How to Copy-and-Paste a Cowboy Cowpie

There’s a number of nifty ways to work around Cowboy Bob’s fear of being quoted. Yet, rather than provide a lot of detailed procedures for the many kinds of browsers or promoting various software utilities, I’ll give you a crude but easy-to-remember means of copying-and-pasting Bob’s latest bumbling blooper that should work in most Windows computers and their browsers. (The same general principle can be applied to virtually any OS and its browsers.)

0) To practice this procedure, use your browser to visit:

1) Read down the webpage and find two of Bob’s very typical fibs:  “Lucy is about to be shelved” or how about:

Many think that science is the ultimate source of truth, and they
forget (or do not even know) that many indisputable science facts have
been discarded over the years. Take a look at phlogiston, f’rinstance.

You can use either of those science-denying blunders for what follows–as you learn how to copy-out and paste the text using the procedures described below.

{By the way, readers of this blog as well as anyone with a basic history of science background know that “Phlogiston Theory” was never a theory of modern science. It was an ancient philosophy based on the even more ancient concept of elemental humors, which also produced the ancient practice of bloodletting. The pioneers of modern chemistry used the scientific method to debunk all such derivations of ancient philosophy. This particular lie along with the Lucy-misrepresentation was debunked in the Bible.and.Science.Forum’s blog article: An Open Letter to Young Earth Creationists Who Misrepresented the News About Lucy.}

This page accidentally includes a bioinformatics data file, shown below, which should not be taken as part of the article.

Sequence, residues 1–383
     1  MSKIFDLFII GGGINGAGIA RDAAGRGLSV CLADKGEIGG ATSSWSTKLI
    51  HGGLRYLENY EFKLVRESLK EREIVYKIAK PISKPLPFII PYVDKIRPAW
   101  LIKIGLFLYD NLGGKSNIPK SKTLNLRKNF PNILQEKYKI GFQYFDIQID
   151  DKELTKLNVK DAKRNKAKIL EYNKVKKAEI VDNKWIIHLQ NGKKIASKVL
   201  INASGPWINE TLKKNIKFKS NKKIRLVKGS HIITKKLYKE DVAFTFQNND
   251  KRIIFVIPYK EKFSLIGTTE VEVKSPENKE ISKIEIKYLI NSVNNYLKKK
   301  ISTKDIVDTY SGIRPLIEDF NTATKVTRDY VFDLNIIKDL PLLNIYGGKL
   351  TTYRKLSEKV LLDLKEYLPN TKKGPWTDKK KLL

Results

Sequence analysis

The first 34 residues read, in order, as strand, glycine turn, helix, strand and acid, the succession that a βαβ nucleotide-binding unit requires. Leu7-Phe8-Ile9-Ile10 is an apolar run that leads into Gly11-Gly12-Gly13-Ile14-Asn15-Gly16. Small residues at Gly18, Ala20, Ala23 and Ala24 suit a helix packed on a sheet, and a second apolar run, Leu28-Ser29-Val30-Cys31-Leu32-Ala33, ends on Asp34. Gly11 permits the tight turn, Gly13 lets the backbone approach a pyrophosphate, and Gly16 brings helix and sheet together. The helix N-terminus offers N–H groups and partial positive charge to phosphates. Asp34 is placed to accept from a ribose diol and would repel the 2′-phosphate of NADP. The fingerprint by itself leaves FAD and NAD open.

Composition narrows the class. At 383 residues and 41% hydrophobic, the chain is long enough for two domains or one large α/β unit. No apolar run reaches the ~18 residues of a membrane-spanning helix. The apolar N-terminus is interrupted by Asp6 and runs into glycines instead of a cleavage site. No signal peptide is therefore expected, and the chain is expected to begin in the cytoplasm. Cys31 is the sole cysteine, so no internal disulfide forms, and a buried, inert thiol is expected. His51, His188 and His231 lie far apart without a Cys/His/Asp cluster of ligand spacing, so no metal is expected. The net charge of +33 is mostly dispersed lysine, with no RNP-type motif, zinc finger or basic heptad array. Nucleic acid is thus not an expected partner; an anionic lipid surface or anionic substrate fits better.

2) Notice that–thanks to paranoid Bob–you can’t highlight and COPY the text, as you routinely would, when you wish to share such texts with others.